We have no idea how many gifted children are in the United States. We don’t know whether special handling of brilliant youths helps them. Spending a lot of tax dollars on such kids is not popular.
I learned this reading the best book on gifted education I have ever encountered, “Failing Our Brightest Kids: The Global Challenge of Educating High-Ability Students,” by Chester E. Finn Jr. and Brandon L. Wright. You would think, from the authors’ refreshingly honest description of how little we know about giftedness, that they would recommend we move on to programs with better data and more support, such as ensuring that every fourth-grader can read.
But Finn, a leading U.S. authority on schools for more than 30 years, and Wright, an up-and-coming education-policy expert, refuse to give up on the gifted. They identify promising developments in other countries and suggest improvements appealing even to people like me, who think most gifted classes in the United States are a waste of time.
What saves the book is its focus on bright low-income children. Too many of them lack the access to the top schools, enriched home life and challenging colleges where the most-effective gifted education occurs. Like me, the authors are impressed by Caroline Hoxby and Christopher Avery’s finding that just 34 percent of high-achieving students in the bottom quarter of family income attend any of the 238 most-selective colleges.
“These are young people, mind you, who succeeded in American K-12 education despite their families’ poverty, yet the system still failed to do right by them,” Finn and Wright say in the book.
So they troll for overlooked data in studies that seem to say gifted education doesn’t work. Researchers David Card and Laura Giuliano, for instance, say full-time classes for high-IQ students don’t raise their achievement, but they do help high-achievers, particularly low-income students whose IQs don’t meet the gifted standard. This may, the book says, indicate a problem with IQ as a measure of giftedness.
The authors find some nations that widen opportunity for the bright but disadvantaged. In South Korea, public boarding schools and magnet schools are more widespread than in the United States and offer more spaces to bright low-income students. Still, the authors conclude, most of the foreign countries that they studied do not “bend over backward to draw such children into their gifted education programs.”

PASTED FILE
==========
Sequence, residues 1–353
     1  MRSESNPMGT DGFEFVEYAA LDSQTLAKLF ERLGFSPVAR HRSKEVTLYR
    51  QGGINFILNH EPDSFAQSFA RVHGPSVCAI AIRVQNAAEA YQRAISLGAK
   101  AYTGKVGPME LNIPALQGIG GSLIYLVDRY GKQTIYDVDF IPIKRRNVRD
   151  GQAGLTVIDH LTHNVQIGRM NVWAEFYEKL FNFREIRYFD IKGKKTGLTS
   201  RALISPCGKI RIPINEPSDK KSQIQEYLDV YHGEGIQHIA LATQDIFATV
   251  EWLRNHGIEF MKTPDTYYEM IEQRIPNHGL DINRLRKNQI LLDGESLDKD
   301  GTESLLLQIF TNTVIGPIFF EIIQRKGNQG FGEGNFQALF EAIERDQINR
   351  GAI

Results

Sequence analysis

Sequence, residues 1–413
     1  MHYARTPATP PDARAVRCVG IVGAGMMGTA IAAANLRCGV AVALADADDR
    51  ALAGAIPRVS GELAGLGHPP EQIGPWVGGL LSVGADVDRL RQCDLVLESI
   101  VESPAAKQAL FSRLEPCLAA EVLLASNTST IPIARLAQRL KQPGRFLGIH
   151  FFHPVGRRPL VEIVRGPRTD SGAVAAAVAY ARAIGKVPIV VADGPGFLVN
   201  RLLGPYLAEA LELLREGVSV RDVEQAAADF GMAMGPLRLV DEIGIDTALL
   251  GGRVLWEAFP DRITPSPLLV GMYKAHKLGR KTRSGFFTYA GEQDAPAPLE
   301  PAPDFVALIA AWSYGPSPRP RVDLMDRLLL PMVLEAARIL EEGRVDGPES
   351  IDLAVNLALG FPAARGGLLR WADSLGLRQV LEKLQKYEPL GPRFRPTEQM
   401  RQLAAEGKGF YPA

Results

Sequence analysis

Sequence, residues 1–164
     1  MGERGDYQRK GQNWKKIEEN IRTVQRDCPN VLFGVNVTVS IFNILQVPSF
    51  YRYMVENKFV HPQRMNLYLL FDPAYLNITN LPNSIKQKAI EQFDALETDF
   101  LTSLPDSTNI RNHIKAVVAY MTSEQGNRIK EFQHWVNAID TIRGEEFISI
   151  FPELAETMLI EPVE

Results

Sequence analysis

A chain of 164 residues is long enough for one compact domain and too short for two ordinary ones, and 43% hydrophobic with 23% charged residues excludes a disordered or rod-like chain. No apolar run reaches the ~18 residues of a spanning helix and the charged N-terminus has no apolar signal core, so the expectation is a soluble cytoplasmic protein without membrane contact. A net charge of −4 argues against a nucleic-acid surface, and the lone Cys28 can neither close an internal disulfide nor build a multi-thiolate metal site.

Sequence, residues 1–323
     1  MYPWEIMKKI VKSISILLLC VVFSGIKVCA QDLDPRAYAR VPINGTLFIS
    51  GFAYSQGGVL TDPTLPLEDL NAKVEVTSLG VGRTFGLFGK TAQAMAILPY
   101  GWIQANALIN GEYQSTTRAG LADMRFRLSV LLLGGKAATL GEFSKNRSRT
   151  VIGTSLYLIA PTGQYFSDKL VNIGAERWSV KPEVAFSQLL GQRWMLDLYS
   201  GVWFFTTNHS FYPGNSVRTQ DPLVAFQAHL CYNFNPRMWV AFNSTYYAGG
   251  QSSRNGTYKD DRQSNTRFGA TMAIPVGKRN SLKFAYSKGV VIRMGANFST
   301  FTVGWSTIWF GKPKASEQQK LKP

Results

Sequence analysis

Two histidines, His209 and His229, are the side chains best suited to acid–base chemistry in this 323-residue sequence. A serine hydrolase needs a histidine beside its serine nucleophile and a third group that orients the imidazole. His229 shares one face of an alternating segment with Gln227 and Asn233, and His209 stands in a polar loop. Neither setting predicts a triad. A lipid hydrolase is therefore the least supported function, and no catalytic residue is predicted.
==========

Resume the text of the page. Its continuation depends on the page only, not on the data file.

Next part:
Finn and Wright’s recommendations are the most interesting, if frustrating, part of the book. What they call their “arguably most important” advice is, “Let’s place this topic firmly on the policy agenda and rekindle the debate about how to have a society that prizes excellence as well as equity.” It’s a nice thought, but gifted education is distant from what Americans worry about these days. I have similar doubts about their call for more research on giftedness and more focus on top scorers in analyzing state test results. States are going in the opposite direction, trying to make mediocre results look good.
The authors do better with proposals that smart educators might be able to implement on their own. They suggest identifying potentially gifted students by marking the files of the top 5 percent of scorers in the standardized third-grade tests that nearly all states give and have teachers recommend another 5 percent.
They recommend changing schools’ emphases from fulfilling grade-by-grade requirements to mastering the material. If a fourth-grader is ready for sixth-grade work, give it to her. Bright students could accelerate their studies, something that many schools now discourage, and look for more outside school activities that are good for the gifted.
Will any of that work? Finn and Wright don’t make promises, but I think their ideas are worth a try, because what we are giving our brightest now, particularly those from impoverished families, leaves much to be desired.